Sedation and ventilator liberation protocol in children may help in early extubation: JAMA
The majority of infants and children admitted to pediatric intensive care units (ICUs) require invasive mechanical ventilation (IMV) but there is wide variation in sedation and ventilation weaning practices among clinicians. Blackwood et al conducted a study to evaluate the effect of sedation and ventilator liberation protocol versus usual care on duration of invasive mechanical ventilation...
The majority of infants and children admitted to pediatric intensive care units (ICUs) require invasive mechanical ventilation (IMV) but there is wide variation in sedation and ventilation weaning practices among clinicians. Blackwood et al conducted a study to evaluate the effect of sedation and ventilator liberation protocol versus usual care on duration of invasive mechanical ventilation in PICU.
Invasive mechanical ventilation is considered a double-edged sword, it has life-saving benefits but in prolonged ventilation may have complications such as ventilator-associated pneumonia, ventilator-induced lung injury, and requires sedation that is associated with complications. Hence the hypothesis of current study was to determine if a sedation and ventilator liberation protocol intervention reduces the duration of invasive mechanical ventilation in infants and children anticipated to require prolonged mechanical ventilation.
A multicenter randomized clinical trial involving 18 Pediatric ICU centres was conducted involving all pediatric mechanically ventilated children less than 16 years age . Primary end point of the trial was to determine if the intervention reduces the duration of IMV in children expected to be ventilated for a prolonged period of time. Secondary end points were reduction in total duration of IMV and length of PICU stay. 4684 patients in the sedation and ventilator liberation protocol were compared against 4144 patients under usual care in the analysis.
The protocol intervention incorporated education and training of the multiprofessional pediatric ICU team to deliver 4 key components that include assessment of sedation levels using COMFORT scale scores, daily screening for readiness to undertake an SBT, initiation of an SBT when screening criteria were satisfied, and a daily multiprofessional round.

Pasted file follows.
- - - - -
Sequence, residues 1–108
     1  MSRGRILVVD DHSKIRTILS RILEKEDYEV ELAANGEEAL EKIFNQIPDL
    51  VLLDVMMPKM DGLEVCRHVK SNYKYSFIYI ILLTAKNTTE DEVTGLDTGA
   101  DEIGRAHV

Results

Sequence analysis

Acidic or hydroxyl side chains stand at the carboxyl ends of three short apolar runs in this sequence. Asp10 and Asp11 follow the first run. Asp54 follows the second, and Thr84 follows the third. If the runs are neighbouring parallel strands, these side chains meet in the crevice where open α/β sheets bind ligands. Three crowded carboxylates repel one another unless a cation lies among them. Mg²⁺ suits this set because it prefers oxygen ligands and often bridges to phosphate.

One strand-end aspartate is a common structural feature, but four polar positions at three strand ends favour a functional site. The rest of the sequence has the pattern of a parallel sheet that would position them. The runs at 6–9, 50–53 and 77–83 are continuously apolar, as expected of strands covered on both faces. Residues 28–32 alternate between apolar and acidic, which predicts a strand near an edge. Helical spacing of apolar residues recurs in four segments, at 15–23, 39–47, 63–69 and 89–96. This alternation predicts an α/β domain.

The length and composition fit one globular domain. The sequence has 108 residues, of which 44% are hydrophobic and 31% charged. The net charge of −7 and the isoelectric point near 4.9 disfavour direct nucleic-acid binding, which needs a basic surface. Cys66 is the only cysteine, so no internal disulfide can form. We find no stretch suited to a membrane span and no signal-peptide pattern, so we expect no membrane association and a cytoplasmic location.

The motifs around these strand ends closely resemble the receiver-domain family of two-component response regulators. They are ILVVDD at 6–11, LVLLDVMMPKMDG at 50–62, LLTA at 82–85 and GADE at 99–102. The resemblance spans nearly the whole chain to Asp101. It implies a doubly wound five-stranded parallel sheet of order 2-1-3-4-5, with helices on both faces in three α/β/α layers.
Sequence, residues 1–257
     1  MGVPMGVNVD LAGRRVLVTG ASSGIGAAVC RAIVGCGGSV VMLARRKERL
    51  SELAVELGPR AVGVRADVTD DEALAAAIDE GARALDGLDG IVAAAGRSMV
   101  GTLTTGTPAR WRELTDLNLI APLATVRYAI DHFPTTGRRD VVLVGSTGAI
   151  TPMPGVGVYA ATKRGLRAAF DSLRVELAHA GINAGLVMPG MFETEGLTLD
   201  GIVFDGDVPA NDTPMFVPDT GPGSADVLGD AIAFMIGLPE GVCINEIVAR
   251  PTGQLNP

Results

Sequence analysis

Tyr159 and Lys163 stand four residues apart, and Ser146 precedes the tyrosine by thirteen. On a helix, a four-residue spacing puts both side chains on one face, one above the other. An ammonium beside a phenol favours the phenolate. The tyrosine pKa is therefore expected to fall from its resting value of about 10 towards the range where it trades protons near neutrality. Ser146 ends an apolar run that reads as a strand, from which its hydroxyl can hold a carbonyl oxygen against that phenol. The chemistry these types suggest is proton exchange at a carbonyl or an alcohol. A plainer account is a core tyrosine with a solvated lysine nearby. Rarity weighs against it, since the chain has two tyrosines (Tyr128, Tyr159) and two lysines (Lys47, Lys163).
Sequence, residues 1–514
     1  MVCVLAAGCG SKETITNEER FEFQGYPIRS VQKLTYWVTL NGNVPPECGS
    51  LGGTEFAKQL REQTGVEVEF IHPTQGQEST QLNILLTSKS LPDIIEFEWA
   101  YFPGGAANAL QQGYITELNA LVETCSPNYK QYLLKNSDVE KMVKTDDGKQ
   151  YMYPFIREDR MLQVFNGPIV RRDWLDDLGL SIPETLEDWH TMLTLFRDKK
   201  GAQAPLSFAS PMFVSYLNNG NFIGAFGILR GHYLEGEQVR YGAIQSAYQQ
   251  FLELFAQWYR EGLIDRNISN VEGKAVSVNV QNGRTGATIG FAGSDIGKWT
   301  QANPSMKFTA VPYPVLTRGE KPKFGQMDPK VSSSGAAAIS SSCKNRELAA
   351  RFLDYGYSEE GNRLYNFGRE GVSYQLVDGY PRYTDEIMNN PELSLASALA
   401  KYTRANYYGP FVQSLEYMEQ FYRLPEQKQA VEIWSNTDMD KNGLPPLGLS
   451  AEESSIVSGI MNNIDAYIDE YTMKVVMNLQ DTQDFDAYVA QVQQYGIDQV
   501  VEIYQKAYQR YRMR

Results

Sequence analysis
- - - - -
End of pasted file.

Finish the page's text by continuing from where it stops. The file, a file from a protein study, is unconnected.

Key findings of the study are:
-The investigators observed that after implementation of the protocol intervention there was significantly shorter median duration of IMV before successful extubation of 64.8 hours compared with a median duration of IMV of 66.2 hours for usual care with a mean difference of 6.1 hours between 2 groups(p-0.02).
-Successful extubation following IMV was significantly higher for the protocol intervention than the usual care(p - .03)
-It was observed that use of noninvasive ventilation after extubation was significantly higher for the protocol intervention (p = .04). However, there was no significant difference in the duration of noninvasive ventilation for the protocol intervention compared with usual care.
-Length of ICU stay was similar between both the groups but there was a significantly longer length of stay for protocol intervention group than the usual care group.
-The protocol intervention resulted in a significantly higher incidence of unplanned extubation , but there were no significant differences in reintubation.
Previously there were studies showing significant reduction in duration of IMV and extubation success following spontaneous breathing trial(SBT). A study by Curlay et al incorporated sedation protocol with SBT but no significant difference was observed. This study highlights the importance of training health care professionals(greater nurses) in implementation of intervention protocol.
Authors conclude-"Among infants and children anticipated to require prolonged mechanical ventilation, a sedation and ventilator liberation protocol intervention compared with usual care resulted in a statistically significant reduction in time to first successful extubation."
Source: Blackwood B, Tume LN, Morris KP, et al. Effect of a Sedation and Ventilator Liberation Protocol vs Usual Care on Duration of Invasive Mechanical Ventilation in Pediatric Intensive Care Units: A Randomized Clinical Trial. JAMA. 2021;326(5):401–410. doi:10.1001/jama.2021.10296